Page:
How to write the abstract for a paper

  • Thread starter Zanket
  • Start date
  • #26
308
0
Moonbear said:
To Zanket: if you're planning to submit to a journal and whatever format you currently have your paper written in doesn't comply with the journal's requirements, no matter how minor, take the time to change the format.

Will do--thanks for the advice. I kept the abstract short and to the point, only 150 words. Turns out the rest of it is less wordy than I thought; MS-Word seems to count some punctuation as words. From looking around at other papers, mine looks to be average size.
 
  • #27
4,488
72
I really blew it, didn’t I. Just came here playing with some ideas and end up with the battle of authority. I do apologize if I hurt anybodies feelings.

Let’s try and analyse what happened here. I guess a perfect example of miscommunication, but it’s kind of hard to maintain an even disposition when the Zz first message to me is how foolish I am and how naïve. Such a qualification tends to ruffle some neck hairs and this is not a good advisor for constructive discussions. Especially since the only intention was at that time to share some ideas and perhaps build even a new paradigm after a thorough review of its merits. The misunderstanding here may be the perspective of a scientific point of view of a crackpot, wanting to press ideas and get rich&famous. I don’t know if that’s your impression, after all I was lured into the crackpot trap.

Not being a scientist however it could also be that my philosophy is slightly different. I think that every important newly discovered feature of Earth (albeit indirectly via Venus) should be common knowledge, not subject to the ambitions of the discoverer. I guess that this point of view makes it quite logical to discuss it in forums. Heck, I guess I’m not even sure if I want my name on that paper anymore if it could help boosting somebody else’s ambitions. After all, I need to move on, the main mystery-solving quest, the Pleistocene ice ages, is demanding full attention and its level of counter-intuitivity is some orders of magnitude higher. So, perhaps it would be better if I could refer to somebody else’s paper about the big brake mechanism of Venus.

About expert opinions and specialists, why the impression that I was claiming/requiring help for my personal benefit? Of course, before I started that thread I had already worked out some of the basic items until detail level 2 or "level 1.1”. I sort of hoped that the idea was picked up and perhaps it could have been a corporate PF project exploring levels 1.1.1. and 1.1.1.1. Needless to say that I lack any expertise on those.

I seem to observe that nowadays we have mainly highly qualified and specialized explorers of level 1.1.1.1.1, who usually have little affection with items 2.1 or 5.4. This seems to be the core of the problem. Who is expert on items 1.1.1 up until and including 5.5.5? He/she would be able to judge the merits of spinning physics, hydrothermal, hydrodynamics, geophysics, geochemical and geographic processes. I don’t think that such a person exists anymore. At least, I didn’t find him. The closest one fitting that description may be Prof Richard Muller of Berkeley but he ignored me consistently after a first contact.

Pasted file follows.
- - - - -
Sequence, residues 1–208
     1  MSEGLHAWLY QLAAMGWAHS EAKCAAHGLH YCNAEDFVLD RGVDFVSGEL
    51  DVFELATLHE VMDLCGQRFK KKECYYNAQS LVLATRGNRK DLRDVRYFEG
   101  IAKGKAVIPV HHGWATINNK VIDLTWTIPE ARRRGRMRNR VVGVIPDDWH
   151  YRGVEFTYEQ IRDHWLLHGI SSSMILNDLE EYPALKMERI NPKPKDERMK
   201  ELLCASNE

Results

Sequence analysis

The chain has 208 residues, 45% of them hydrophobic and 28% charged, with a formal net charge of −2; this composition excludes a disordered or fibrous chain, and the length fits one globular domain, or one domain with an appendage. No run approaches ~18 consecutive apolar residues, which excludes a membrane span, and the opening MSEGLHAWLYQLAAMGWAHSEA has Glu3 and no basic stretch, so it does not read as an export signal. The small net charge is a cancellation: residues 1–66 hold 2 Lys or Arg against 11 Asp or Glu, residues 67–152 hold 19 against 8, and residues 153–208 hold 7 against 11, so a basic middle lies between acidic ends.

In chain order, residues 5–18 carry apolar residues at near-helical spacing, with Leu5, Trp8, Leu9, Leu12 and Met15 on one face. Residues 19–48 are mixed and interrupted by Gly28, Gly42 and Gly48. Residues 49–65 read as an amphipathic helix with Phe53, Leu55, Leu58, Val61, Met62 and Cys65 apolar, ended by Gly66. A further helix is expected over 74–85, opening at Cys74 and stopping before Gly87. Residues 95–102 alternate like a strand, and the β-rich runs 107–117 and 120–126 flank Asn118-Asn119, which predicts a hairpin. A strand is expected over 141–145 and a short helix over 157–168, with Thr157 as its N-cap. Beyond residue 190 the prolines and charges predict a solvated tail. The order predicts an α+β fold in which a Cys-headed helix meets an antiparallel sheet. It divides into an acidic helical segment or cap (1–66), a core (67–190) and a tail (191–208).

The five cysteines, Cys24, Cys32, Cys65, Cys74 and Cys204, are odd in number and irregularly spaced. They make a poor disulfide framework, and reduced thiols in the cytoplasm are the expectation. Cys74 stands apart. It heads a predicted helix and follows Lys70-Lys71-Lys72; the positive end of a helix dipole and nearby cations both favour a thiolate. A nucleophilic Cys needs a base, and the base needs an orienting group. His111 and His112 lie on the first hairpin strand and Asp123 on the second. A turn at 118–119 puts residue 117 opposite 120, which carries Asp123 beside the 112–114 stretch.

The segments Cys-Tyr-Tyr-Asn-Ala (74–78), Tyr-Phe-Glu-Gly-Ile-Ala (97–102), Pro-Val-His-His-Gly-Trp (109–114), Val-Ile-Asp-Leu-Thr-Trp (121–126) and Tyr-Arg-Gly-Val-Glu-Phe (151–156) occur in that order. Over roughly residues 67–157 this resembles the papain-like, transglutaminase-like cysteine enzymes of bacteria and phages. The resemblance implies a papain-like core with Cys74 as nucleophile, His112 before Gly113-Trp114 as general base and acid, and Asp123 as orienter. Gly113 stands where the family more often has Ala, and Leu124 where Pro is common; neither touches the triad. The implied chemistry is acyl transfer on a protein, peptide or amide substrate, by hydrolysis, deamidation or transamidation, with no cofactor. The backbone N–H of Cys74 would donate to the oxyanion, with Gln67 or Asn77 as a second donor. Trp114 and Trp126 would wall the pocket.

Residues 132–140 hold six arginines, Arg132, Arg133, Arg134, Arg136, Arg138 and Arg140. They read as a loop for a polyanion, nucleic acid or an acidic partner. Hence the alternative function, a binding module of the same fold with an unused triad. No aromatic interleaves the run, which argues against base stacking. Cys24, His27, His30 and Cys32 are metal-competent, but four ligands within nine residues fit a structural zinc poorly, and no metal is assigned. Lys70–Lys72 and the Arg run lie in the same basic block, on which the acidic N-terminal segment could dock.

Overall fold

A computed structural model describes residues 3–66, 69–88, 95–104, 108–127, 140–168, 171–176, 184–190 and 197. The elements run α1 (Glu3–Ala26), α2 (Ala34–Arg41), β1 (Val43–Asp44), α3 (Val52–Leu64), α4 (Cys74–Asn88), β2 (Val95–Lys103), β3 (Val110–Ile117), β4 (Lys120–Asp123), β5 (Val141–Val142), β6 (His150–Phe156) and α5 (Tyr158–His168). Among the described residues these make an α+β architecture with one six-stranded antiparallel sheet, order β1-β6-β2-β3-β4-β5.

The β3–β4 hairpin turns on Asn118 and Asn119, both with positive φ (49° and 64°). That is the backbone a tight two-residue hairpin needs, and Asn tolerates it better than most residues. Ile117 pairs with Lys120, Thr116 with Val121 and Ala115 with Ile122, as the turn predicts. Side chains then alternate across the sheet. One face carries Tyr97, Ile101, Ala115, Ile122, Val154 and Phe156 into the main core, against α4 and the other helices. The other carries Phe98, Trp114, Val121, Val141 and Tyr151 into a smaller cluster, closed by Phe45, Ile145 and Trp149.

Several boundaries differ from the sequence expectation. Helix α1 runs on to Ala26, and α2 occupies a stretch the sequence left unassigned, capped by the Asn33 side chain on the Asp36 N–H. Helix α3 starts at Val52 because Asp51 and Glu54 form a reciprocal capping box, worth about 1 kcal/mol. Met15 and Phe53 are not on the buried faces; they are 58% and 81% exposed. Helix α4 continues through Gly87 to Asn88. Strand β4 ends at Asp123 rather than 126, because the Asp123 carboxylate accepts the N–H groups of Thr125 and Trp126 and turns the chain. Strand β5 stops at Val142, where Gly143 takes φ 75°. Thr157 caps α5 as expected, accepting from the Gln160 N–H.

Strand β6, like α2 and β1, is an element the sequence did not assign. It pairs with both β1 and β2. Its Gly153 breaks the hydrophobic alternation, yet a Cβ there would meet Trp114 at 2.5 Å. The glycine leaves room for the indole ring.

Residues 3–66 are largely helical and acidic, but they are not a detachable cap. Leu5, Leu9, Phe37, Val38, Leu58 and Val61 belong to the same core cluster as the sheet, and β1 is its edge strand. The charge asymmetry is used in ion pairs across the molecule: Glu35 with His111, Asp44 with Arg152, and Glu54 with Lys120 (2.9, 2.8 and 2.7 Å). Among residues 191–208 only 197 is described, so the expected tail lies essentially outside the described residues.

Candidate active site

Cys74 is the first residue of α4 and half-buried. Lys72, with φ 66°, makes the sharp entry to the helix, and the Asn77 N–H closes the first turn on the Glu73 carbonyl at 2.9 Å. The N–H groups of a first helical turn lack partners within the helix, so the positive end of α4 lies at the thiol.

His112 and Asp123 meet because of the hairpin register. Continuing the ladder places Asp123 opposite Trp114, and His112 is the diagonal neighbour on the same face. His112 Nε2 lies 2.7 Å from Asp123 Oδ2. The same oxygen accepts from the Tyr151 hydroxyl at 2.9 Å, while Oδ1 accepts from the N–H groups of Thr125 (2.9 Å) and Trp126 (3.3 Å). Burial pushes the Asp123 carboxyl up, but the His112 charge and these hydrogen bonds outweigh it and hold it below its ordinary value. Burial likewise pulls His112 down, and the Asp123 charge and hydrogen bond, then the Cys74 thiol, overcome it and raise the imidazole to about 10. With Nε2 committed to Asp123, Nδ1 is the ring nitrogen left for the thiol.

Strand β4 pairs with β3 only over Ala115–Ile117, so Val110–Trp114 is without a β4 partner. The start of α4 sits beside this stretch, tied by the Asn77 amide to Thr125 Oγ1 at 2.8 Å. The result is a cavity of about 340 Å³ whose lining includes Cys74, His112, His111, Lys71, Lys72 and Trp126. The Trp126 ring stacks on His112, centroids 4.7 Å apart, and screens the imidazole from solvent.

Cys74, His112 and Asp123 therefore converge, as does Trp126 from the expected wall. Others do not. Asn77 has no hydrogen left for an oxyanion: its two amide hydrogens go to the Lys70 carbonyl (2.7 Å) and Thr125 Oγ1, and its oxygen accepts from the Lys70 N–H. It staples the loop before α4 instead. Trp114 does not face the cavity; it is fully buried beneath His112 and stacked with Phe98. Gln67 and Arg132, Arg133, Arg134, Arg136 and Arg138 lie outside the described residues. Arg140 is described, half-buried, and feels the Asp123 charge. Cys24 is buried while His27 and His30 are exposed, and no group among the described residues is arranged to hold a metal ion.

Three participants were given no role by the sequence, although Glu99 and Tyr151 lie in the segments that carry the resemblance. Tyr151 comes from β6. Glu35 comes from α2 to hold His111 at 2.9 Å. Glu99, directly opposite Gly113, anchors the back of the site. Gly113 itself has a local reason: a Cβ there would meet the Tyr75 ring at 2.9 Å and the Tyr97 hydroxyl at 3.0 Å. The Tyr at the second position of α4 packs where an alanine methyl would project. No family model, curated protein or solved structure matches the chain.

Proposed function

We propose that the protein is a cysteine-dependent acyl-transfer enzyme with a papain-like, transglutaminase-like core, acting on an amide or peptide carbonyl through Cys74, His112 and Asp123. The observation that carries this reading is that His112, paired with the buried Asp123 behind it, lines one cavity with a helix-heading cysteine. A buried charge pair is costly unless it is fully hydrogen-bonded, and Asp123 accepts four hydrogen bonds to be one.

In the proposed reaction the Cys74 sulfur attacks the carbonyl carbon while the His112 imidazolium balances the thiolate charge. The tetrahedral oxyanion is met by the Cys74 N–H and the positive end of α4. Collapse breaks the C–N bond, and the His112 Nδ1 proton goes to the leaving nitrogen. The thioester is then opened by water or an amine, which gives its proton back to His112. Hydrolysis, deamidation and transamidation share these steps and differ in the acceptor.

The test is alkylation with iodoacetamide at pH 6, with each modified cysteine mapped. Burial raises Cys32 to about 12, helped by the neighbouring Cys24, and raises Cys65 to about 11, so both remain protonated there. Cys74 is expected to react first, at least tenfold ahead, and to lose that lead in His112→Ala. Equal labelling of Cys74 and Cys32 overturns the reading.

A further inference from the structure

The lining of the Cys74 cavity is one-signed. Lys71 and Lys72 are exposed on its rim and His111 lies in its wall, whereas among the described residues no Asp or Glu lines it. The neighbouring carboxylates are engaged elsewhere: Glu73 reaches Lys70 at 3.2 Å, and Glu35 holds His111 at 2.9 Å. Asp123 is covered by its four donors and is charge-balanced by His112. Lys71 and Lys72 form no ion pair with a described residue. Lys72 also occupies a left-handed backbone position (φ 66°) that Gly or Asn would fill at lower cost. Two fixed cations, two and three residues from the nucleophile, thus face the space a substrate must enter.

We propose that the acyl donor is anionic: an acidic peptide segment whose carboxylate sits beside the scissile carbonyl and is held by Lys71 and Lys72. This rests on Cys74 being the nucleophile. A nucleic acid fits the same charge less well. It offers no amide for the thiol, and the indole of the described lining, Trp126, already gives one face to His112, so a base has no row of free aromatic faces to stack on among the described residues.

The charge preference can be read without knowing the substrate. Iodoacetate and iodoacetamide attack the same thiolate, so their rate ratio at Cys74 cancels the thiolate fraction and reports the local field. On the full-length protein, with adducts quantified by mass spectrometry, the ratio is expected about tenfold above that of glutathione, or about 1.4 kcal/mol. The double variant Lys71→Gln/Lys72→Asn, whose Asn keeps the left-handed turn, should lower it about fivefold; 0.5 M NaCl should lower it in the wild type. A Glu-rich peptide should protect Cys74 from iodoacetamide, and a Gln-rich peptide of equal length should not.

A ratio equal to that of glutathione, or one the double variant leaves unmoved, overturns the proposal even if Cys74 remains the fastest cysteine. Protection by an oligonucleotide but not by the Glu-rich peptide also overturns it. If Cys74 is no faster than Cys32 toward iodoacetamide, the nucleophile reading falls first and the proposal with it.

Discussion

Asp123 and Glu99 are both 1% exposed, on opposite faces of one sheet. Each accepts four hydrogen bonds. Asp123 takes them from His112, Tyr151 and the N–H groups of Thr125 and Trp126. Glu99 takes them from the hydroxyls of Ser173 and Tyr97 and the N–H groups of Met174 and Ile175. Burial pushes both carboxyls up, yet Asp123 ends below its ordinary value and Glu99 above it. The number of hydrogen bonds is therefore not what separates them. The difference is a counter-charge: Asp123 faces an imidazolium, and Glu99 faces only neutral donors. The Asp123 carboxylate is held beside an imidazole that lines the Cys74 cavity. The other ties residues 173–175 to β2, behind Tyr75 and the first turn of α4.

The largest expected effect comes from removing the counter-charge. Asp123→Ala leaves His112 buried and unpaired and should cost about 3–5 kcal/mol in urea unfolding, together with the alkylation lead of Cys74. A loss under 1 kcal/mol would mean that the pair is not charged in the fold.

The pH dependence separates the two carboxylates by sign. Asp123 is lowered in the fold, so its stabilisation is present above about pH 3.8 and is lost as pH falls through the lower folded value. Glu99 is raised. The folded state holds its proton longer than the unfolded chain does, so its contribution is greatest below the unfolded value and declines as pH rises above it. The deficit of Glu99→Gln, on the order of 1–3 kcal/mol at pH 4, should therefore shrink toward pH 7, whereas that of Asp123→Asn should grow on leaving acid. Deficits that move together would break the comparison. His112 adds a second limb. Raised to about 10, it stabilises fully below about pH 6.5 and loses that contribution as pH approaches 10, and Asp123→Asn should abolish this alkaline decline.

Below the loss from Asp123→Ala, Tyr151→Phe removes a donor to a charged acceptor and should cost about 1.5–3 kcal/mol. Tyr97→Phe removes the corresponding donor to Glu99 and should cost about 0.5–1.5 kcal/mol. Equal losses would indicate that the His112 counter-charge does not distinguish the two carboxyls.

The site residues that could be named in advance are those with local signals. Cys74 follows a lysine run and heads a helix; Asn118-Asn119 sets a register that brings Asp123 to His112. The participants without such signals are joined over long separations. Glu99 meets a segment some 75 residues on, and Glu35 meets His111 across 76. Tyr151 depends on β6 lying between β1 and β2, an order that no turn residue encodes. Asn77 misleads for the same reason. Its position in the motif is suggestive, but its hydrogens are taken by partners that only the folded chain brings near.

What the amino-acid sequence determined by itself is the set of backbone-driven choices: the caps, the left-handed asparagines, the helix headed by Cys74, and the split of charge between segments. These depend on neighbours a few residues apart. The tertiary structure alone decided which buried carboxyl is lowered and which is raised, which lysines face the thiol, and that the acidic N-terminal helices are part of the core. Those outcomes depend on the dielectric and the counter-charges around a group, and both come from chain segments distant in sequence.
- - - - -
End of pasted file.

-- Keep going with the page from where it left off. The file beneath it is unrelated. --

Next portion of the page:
On the other hand, Could it be that the specialized quest for the truth on items 1.1.1.1.1. and 1.1.1.1.2 misses the truth that seems so obvious when observing the interaction between layman’s level items 1, 2, 3 and 4.? And if this idea is obviously not consistent with pre-grad textbook (Outdated et al, 1978), could it be that this textbook requires some serious actualization? Something like fitting shapes of continents for instance that triggered both Alfred Wegener’s paradigm change about plate tectonics and Kuhn’s observations about paradigm shifts (Sorry Nereid, with all due respect, but if Kuhn was following this thread, wouldn’t he be happily ticking off his observations? Please, by all means, proof him wrong.)

Monique, thanks for the constructive idea. The subject can be split up indeed, provided that the sequel remains intact and that the editors/reviewers/readers are well aware of the complete scope of the topic. If you’d start reading halfway it would not make sense whatsoever.
 
  • #28
matt grime
Science Advisor
Homework Helper
9,420
4
Are you still interested in comments on your "abstract"?

If so...

It is far too long (the abstract for the 90,000 word article I'm working on at the moment is restricted to no more than 300 words), filled with observations about what "may" have happened. I don't want to read an abstract that indicates the entire paper is speculative nonsense without justification. A simple - we make some reasonable assumptions and under these assumptions we are able to show/the evidence indicates/the most plausible explanation is... is better. I will then, in the paper, get to read the assumptions, look at the evidence, and decide if your conclusions are justified. If you like, your own abstract indicates that you aren't sure of your own article. Its puncutation needs work, too.
 
  • #29
4,488
72
Sure, we can shorten the abstract or perhaps enlarge it to be the first general overview article of the sequence.

About expressing doubt or be very positive.You could be right however I mimicked my roll model:

In most fields of science, researchers who express the most self-doubt and who understate their conclusions are the ones that are most respected.

So what would be the best?
 
Last edited:
  • #30
Monique
Staff Emeritus
Science Advisor
Gold Member
4,161
64
I agree with mattgrime, looking at the following excerpt from the abstract: